Copyright and related rights are regulated by the Law on Copyright and Related Rights (1996). Although this law generally provides copyright protection according to international standards, additional amendments are required to harmonise articles in line with the directives of the European Union.
In the period of transition, especially prior to 1996, violations of copyright were widespread such as the unauthorised copying of literary works, multiplication and distribution of videotapes, musical and film CDs and computer software. Since the establishment of many private broadcasting companies and cable operators, the unauthorised broadcasting and re-broadcasting of audio-visual works is ever more present.
The Ministry of Culture has several inspectors to investigate copyright violations as part of their official responsibility and upon request from rights-holders. Collecting bodies, competent courts, customs bodies and other government agencies are all involved in the direct implementation of the law and the protection of copyright.
In 2003, the Ministry of Culture undertook a huge “operation” to publicly destroy over 39 000 illegal videotapes, CDs and computer software. It did strengthen the public interest and awareness of the problems of copyright and reduced the amount of piracy to a certain degree.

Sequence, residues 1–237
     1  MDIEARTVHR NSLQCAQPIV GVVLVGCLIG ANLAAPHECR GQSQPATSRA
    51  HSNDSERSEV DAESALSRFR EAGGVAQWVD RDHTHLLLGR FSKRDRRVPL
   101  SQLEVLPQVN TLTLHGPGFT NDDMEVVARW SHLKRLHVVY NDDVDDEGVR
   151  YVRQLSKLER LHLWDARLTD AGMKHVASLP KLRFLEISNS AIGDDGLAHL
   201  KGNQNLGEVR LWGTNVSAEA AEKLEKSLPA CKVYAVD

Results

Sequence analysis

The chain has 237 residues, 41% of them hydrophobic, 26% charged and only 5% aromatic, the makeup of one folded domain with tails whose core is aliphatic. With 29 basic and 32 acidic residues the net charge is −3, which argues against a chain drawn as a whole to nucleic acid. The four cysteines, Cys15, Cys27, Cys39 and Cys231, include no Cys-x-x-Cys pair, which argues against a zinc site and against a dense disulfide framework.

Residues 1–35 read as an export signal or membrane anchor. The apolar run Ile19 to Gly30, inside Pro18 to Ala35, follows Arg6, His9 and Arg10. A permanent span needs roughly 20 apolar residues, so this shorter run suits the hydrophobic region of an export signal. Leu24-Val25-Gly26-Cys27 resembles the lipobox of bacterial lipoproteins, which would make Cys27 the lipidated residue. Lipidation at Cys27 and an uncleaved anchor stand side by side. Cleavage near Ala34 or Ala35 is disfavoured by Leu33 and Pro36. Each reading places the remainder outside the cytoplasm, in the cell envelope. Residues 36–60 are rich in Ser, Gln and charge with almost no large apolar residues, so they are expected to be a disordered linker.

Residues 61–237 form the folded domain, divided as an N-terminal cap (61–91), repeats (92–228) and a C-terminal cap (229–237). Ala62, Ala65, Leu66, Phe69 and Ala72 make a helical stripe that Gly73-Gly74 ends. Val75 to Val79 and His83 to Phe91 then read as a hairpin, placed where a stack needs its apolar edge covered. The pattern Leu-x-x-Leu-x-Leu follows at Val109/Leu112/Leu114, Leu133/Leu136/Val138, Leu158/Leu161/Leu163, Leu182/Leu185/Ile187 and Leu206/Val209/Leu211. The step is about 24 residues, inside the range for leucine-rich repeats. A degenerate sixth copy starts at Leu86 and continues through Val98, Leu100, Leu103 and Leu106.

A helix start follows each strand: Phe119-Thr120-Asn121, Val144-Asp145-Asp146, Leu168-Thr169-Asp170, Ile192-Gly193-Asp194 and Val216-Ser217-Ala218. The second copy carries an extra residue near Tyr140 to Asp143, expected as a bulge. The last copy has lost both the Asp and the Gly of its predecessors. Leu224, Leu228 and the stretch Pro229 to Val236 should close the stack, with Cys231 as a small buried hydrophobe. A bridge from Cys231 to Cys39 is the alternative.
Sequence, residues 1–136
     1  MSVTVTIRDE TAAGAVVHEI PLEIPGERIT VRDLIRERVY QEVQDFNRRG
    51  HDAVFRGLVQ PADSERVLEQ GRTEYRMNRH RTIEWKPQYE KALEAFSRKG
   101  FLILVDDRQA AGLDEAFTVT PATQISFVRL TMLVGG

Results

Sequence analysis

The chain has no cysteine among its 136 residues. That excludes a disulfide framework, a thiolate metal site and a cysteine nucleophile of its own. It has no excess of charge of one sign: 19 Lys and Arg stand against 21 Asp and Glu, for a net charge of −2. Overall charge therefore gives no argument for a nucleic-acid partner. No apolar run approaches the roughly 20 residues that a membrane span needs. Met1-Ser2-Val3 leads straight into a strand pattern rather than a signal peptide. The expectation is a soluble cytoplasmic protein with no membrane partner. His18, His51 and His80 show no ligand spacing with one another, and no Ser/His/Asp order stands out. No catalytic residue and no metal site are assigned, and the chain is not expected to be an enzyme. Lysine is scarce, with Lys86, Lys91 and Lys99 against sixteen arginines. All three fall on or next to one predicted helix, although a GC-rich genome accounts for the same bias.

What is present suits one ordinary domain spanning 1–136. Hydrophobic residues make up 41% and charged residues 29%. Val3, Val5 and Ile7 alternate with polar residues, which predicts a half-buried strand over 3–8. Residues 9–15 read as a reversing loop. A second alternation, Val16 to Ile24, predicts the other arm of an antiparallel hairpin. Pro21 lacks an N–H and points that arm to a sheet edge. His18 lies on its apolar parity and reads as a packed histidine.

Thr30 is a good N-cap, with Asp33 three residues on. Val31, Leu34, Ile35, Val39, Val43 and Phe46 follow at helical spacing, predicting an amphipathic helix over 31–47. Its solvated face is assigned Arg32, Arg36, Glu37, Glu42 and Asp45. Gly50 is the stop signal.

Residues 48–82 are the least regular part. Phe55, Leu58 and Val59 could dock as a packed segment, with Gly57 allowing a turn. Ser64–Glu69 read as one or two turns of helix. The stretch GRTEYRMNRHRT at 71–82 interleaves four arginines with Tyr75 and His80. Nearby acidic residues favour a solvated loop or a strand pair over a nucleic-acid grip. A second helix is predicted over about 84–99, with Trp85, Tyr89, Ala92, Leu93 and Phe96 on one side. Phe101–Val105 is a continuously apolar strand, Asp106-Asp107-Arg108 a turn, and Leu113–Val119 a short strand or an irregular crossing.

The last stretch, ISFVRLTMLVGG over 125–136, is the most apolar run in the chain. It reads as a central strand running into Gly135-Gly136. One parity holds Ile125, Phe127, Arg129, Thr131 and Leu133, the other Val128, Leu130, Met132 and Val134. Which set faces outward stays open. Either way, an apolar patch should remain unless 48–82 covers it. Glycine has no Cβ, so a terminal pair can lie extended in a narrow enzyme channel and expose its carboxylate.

Author’s rights remain in force 70 years after his / her death. Audio-visual rights also remain in force 70 years after the legal publishing of a work. In the case of multiple authors, property rights remain in force until the death of the last living author.
Moral rights are applied. While there has not been any specific debate about moral rights, there has been constant public debate (initiated by authors and the media) on the protection of authors’ rights in popular and classical music.
A new Law on Copyright and Related Rights was adopted and came into force at the end of 2010. It strengthened copyright protection so that most violations were subject to Criminal Law. A Coordinative body had been established and is responsible for field actions.
The Law on Copyright and Related Rights was constantly mentioned in the past few years during public debates over the controversial government project “Skopje 2014”, when several modern buildings from the 1960s and 1970s were set to be re-designed in a pseudo-baroque manner. But there was no reaction from the Ministry of Culture.
Another burning issue in 2014 was the activation of the performers’ and the phonogram producers’ right to remuneration from the single equitable remuneration for public use of phonograms with performances published for commercial purposes. The 2013 amendments to the Law on Copyright and Related Rights require broadcasting organisations to have an electronic system for control and evidence of broadcasted musical works. The Association of Broadcasters strongly opposed this measure, claiming that they work on popularisation of Macedonian music.
However, the issue of copyrights provisions is almost completely marginalized in the past several years.